CLIMATE: The eastern rainforest sites have moderate temperatures (mostly 70°-80°F, 21°-27°C), though they are humid, with rain possible. The climate in the coastal lowlands is hot (up to 95°F, 35°C). The weather at Ampijoroa very hot and humid.

ACCOMMODATION: Very good throughout most of the main tour. Two nights will be spent at a simple eco-lodge near Ankarafantsika NP. All hotels have ensuite bathrooms, and some have wifi.

WHEN TO GO: We run the set-departure tour in October or November, at the beginning of the warm and rainy season, when many birds begin breeding, hibernating mammals have started to emerge, and frogs and reptiles become conspicuous. Although it is somewhat less diverse, the austral winter is also a good time to visit Madagascar, as the parks are less crowded and the weather is very comfortable. Custom tours can be tweaked to make the most of any season.

PHOTO PHILOSOPHY: There will be a lot of walking, but subjects are abundant right around our lodges, especially at Kirindy. We will seek out birds, plus lemurs, amphibians, reptiles, butterflies, and landscapes. This is one of our most diverse photo tours.

GEAR: A macro lens and flash are essential. Birds and lemurs are often very approachable, so it’s good to have both a big lens and a smaller zoom OR an intermediate lens like a 300mm. There is lots of light in the western forest at Kirindy, but it is fairly dark inside the eastern rainforest.

OTHER INFO:

TRAVEL REQUIREMENTS: A valid passport is required; the passport must be valid for at least six months past your intended stay. A visa is required. Currently, 30-day tourist visas can be obtained upon arrival for citizens of the US, Canada, UK, Australia, New Zealand, South Africa, and all European countries. The visa costs approximately $30. A visa can also be obtained beforehand through a Malagasy embassy or consulate. Advance visas are currently only required of a few nationalities, mostly in Asia, Africa, and the Middle East. Travel requirements are subject to change, and it is a good idea to double-check your entry requirements at least six weeks before you travel; contact the nearest embassy or consulate, or ask our office staff for help.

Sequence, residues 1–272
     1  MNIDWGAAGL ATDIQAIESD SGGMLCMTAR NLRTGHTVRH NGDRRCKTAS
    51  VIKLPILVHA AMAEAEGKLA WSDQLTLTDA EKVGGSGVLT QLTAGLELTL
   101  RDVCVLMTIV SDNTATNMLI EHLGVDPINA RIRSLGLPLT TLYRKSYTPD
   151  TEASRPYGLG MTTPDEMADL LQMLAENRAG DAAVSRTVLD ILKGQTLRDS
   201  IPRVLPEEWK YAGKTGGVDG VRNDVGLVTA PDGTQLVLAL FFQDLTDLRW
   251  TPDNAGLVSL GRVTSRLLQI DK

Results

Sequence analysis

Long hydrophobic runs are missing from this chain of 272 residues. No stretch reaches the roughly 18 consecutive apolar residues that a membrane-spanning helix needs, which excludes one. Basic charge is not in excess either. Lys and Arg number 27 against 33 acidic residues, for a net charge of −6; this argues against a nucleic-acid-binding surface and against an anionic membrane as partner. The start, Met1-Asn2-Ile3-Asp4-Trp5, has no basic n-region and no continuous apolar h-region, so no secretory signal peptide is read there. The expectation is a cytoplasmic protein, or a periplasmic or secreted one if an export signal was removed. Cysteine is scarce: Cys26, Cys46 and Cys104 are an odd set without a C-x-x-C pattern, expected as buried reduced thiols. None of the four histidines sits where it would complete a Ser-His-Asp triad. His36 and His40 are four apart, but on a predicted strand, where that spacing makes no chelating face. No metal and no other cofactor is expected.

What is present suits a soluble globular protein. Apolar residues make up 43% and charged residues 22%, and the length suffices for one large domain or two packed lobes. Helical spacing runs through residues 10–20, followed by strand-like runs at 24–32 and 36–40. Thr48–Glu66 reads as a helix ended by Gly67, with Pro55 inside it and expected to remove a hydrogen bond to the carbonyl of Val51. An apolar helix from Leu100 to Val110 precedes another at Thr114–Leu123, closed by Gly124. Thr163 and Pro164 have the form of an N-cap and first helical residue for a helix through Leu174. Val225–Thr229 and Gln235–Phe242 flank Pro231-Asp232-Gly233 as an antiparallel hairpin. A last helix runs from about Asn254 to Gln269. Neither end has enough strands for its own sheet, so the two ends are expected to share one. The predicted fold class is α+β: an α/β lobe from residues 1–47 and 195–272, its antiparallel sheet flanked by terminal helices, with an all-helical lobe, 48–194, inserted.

WHAT’S INCLUDED?: Tips to local guides, drivers, and lodge staff; accommodation from the night of day 1 to the night of day 15 if taking only the main tour, or through the night of Day 4 with the extension; meals from dinner on day 1 (unless you arrive too late for dinner service) to breakfast on day 16 if taking only the main tour, and to lunch on day 5 of the Kirindy extension; safe drinking water and/or juice during meals; Tropical Birding tour leader with audio gear from the morning of day 2 to the evening of day 15 if taking only the main tour, and to the afternoon of day 5 of the Kirindy extension; one arrival and one departure airport transfer per person (transfers may be shared with other participants of the same tour if they arrive at the same time); domestic flights; ground transport for the group to all sites in the itinerary from in a suitable vehicle with a local driver; entrance fees and local guide fees for all the birding sites mentioned in the itinerary.

WHAT’S NOT INCLUDED?: Optional tips to the Tropical Birding tour leader; tips for luggage porters (if you require their services); snacks; additional drinks apart from those included; alcoholic beverages; travel insurance; excursions not included in the tour itinerary; extras in hotels such as laundry service, minibar, room service, telephone calls, and personal items; medical fees; other items or services not specifically mentioned as being included.